The criminalisation of homosexuality has far-reaching consequences for sexual minorities and the community at large. The criminalisation of homosexuality, often defined as a crime against morality or against nature, forces sexual minorities to go underground, entering heterosexual relationships (often concurrently with homosexual relationships) to hide their sexual identity, engaging in risky behaviour, and enduring violence and abuse. Social stigma against men who have sex with men and women who have sex with women often prevents people from accessing medical services because of discrimination and harassment. The homophobia created by the criminalisation has led to unlawful arrest, detention and extortion. In Zimbabwe, for example, both men and women have been forced to engage in sex or sexual acts with police officers to secure their release. Extortion is often linked to blackmail, the threat of exposure and further arrest. In a recent Sexual Rights Centre workshop with counsellors, one participant commented that same-sex practices were the domain of the privileged and wealthy and not for the poor and uneducated. This was only one perspective, but it tallies with research that suggests homosexuality is associated with wealth and unlimited income and as a consequence the LGBTI community are often victims of extortion and financial exploitation .
Homosexuality is a crime in Zimbabwe many men and women still prefer to engage in same-sex practices, but disassociate themselves from the label homosexual or gay, regardless of their sexual orientation. This disassociation may be for a number of reasons, but the consequence is that in development programming is that these people are excluded or overlooked. This demonstrates the fact that although in Zimbabwe it is only the act of homosexuality that is criminalised and not actually ‘being gay’ the impact of criminalising the act is also the criminalisation of a person’s sexual identity.
HIV/AIDS – the bigger picture for sexual minorities.
The impact of suppressing one’s sexual identity is significant and can have a devastating effect on individuals’ psychological, physical and sexual well-being. The denial of freedom of sexual expression can result in barriers to accessing information and resources, appropriate and adequate services and care, increased vulnerability to violence and abuse and limited resource for violations and injustices. One area of serious concern is the impact that homophobia has on the HIV/AIDS pandemic. As AIDS-Free World has commented in reference to the homophobia of Jamaica’s leaders ‘criminalising homosexuality plays a major role in the AIDS epidemic’. As the writers explain the barriers facing high-risk groups including bigotry and ‘legalised discrimination’ contribute to the continuation of the pandemic and prevent effective and meaningful interventions on HIV/AIDS . This is reiterated in a UNAIDS policy brief about MSM and HIV/AIDS noting that ‘recognition of the rights of people with different sexual identities, both in law and practice, combined with sufficient, scaled up HIV programming’ can lead to a successful and effective response to the pandemic.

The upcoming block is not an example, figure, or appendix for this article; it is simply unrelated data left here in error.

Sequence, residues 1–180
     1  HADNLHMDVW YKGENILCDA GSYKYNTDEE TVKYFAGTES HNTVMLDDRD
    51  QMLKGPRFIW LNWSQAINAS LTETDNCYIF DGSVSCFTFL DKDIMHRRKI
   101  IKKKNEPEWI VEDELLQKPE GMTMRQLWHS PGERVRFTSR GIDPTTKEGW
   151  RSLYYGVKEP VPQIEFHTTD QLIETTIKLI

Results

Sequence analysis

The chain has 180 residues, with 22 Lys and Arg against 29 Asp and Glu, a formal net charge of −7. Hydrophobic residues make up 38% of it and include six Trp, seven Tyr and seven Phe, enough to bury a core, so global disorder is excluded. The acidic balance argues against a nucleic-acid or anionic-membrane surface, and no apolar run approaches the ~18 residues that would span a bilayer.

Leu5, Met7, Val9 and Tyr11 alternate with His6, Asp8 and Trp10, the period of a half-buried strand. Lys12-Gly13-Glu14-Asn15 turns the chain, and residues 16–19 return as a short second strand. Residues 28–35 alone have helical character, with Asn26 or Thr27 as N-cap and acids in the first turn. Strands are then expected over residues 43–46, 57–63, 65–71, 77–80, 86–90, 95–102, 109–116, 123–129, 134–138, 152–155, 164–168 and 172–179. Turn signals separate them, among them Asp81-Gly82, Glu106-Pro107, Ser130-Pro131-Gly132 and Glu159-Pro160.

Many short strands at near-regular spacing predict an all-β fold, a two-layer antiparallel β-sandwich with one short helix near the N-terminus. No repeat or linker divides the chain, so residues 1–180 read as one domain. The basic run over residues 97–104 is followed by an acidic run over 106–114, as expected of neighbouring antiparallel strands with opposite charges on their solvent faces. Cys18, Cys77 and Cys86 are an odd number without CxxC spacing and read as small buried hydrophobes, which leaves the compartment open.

The UNAIDS policy brief reflects on the broad group of men who have sex with men. Sex between men can occur in a variety of different circumstances. The brief mentions an important group: men who have sex with men in prisons. According to an IGLHRC report sex in prisons is often coerced and violent in Africa. Inmates serving time for homosexual offences are particularly vulnerable. However, many governments refuse to allow condoms to be distributed in prisons leaving prisoners vulnerable to infection and increasing the risk of transmission into the wider community after release. A report about Canadian prisoners also notes the problem of drug users sharing needles that perpetuates the spread of HIV/AIDS.
The criminalisation of homosexuality also impacts on the work of HIV/AIDS service providers to effectively address the needs of MSM and WSW. It is undeniable that homophobia and human rights violations, denial and stigma against the LGBTI community, drive the epidemic severely compromise a country’s ability to address the HIV/AIDS. HIV/AIDS service providers are not held accountable for their inclusion of minority groups and high risk groups. Many service providers do not even have the most basic information and resources about these issues. However, the inhumane treatment of sexual minorities is not simply about addressing the HIV/AIDS pandemic, it is also about upholding the right of all citizens to choose their sexual orientation, freely, safely and pleasurably express their sexuality and to exercise control over their own bodies and bodily integrity.